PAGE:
Why M. Night Shyamalan dug into the vault to film 'Knock at the Cabin' with old cameras from the 1990s

In 1999, The Sixth Sense established writer-director M. Night Shyamalan as a promising talent in the horror space. His subsequent features (Unbreakable, Signs, and The Village) proved he wasn't a one-trick pony, but a refreshingly creative storyteller who could refurbish even the most worn-out of genre tropes. Now, more than two decades and 11 movies later, the filmmaker known for his patented twist endings hopes to recapture some of his old magic with Knock at the Cabin.

Based Paul Tremblay's 2018 novel — The Cabin at the End of the World — the story takes place at a remote cabin in the woods where a young girl (Kristen Cui) and her parents (Jonathan Groff and Ben Aldridge) find themselves under siege by a group of four armed strangers (Dave Bautista, Nikki Amuka-Bird, Abby Quinn, and Rupert Grint) claiming that the world is about to end.

"I'm drawn to older ways of telling stories," Shyamalan told Empire for the magazine's January 2023 issue (now on sale). To that end, he shot the project on cameras and lenses from the 1990s. He secured equipment that was even older for a number of flashbacks. "They were barely functional," he recalled. "At certain focal lengths, they would become out of focus. All of those imperfections are part of it."

The hope was to make something akin to "a dark fairy tale," the director said. "There's a little girl that's sitting in the grass playing, and a giant comes up and shakes her hand and says, 'Somethings' gonna happen to your family' ... I love telling dark stories and I'm going to guide you through some really horrific things, but you can feel the narrator believes in humanity."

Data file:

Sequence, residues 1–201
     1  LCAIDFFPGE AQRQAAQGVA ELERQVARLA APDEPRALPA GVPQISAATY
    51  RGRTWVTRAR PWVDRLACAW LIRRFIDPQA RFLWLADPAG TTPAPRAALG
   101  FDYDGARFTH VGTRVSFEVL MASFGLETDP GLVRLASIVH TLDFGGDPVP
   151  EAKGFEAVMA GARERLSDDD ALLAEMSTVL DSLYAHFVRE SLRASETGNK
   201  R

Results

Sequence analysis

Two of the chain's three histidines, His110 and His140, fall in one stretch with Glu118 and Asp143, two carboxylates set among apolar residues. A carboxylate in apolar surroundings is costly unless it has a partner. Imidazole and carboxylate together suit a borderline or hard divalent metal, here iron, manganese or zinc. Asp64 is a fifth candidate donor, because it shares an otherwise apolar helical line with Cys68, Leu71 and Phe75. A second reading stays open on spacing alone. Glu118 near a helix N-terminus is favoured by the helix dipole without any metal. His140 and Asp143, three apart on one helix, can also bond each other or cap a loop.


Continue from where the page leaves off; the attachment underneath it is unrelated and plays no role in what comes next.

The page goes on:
A major theme he wanted to explore was how fragile our notion of a house (or in this case, a cabin) being a place of safety really is. "When you get a knock at the door, our fears make us think, 'Wait a minute, this is all a facade. Anyone can come in here and do whatever they want.'"

Shyamalan — who adapted the source material with Steve Desmond and Michael Sherman — produced the feature alongside Marc Bienstock (Old) and Ashwin Rajan (Wayward Pines). Steven Schneider (Paranormal Activity), Christos V. Konstantakopoulos (The Lobster), and Ashley Fox (Promising Young Woman) serve as executive producers.

Knock at the Cabin will step over the threshold and into theaters everywhere on Feb. 3, 2023.

In the mood for more high-concept horror? Jordan Peele's Nope is now streaming on Peacock.

Resident Alien Season 2
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